Hardwoods and soft wills.
We apologize for the Radio Silence lately.
We've had a family member end up in the hospital, and that has been taking quite a bit of our time and effort. Which is good. We are glad that our priorities are family first and not the back burner relegation we so often see around us. It is important to maintain some perspective as one goes forth in attempts to conquer new domains or meet new challenges.
The Box Bend story has been moving forward. We're in the process of paying some back taxes (a roll back bill- which is code for bilking you for a deferment that took place before you owned the land), filing for a subdividing of our larger parcel, arranging seller-financing on a smaller parcel of land (which should cover our monthly overhead rather nicely), rolling forward with our construction of Hazel (the contractor is prepping us for the next "draw" on the build - which is cool), and we are a week or two away from the close on our latest transformation candidate. (Please see the previous post.)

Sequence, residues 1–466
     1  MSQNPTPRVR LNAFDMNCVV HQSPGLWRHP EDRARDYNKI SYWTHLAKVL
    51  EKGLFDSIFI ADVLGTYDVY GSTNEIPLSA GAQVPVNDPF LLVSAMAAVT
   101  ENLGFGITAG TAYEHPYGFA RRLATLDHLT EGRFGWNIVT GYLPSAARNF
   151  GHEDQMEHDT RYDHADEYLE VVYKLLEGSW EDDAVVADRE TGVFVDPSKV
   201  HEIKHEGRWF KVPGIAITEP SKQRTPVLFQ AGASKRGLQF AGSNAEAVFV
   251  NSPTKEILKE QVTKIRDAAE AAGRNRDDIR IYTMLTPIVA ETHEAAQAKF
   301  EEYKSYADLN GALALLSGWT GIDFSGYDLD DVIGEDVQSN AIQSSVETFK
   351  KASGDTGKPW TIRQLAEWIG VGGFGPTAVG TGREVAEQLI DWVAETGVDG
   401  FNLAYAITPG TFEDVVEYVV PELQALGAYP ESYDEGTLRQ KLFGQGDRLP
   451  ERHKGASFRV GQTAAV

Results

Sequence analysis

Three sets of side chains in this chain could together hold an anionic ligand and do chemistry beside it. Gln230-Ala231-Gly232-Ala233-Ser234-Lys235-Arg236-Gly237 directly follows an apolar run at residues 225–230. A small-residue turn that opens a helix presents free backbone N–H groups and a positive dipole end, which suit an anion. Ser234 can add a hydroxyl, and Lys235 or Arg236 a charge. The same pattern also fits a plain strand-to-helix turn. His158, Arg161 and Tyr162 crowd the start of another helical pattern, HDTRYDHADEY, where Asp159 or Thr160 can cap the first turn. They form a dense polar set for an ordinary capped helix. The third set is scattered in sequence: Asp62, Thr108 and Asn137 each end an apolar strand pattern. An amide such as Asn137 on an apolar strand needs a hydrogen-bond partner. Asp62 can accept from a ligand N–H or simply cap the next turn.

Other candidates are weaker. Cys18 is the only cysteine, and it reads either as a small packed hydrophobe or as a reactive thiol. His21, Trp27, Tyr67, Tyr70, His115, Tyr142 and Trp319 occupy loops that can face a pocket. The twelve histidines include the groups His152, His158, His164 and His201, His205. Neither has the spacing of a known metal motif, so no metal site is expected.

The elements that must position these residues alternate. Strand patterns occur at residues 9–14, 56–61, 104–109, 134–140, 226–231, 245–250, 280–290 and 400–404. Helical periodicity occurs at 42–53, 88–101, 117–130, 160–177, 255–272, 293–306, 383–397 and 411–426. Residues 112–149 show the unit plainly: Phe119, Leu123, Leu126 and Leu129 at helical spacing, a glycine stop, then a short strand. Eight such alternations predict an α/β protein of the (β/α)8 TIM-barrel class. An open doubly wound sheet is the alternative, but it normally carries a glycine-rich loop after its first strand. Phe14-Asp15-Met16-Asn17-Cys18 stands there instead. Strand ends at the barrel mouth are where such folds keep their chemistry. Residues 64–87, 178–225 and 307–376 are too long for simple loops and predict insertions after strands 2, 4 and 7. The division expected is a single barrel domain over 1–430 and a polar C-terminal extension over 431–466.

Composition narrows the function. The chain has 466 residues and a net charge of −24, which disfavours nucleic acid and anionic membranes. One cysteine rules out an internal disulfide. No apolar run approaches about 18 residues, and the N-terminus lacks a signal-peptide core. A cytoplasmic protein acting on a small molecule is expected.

So it has been a little crazy lately. Which is kind of a lame excuse for not posting lately. We'll get back on the stick shortly.
Here it is... The Newbie on the block. This is Box Bend's newest candidate. This one is going to take a little time. (9 to 10 month guesstimate)
just a quick update...
We made an offer on a transformation project and it was accepted. This will be our biggest renovation ever... Bigger than Moreland.
Permit snafus on Hazel have been resolved.
Roll back taxes appeared out of the blue on Sanford -the 70+ acres we have. No worries. We' ll settle up today. We are possibly doing seller financing on one or more of the lots.
We have a loved one in the hospital, and that has been consuming our time. That's good. Critical priorities usurp the merely important. So, we apologize for the laconic approach to the blog, however...
Have a great weekend and spend a moment basking in the glow of your loved ones.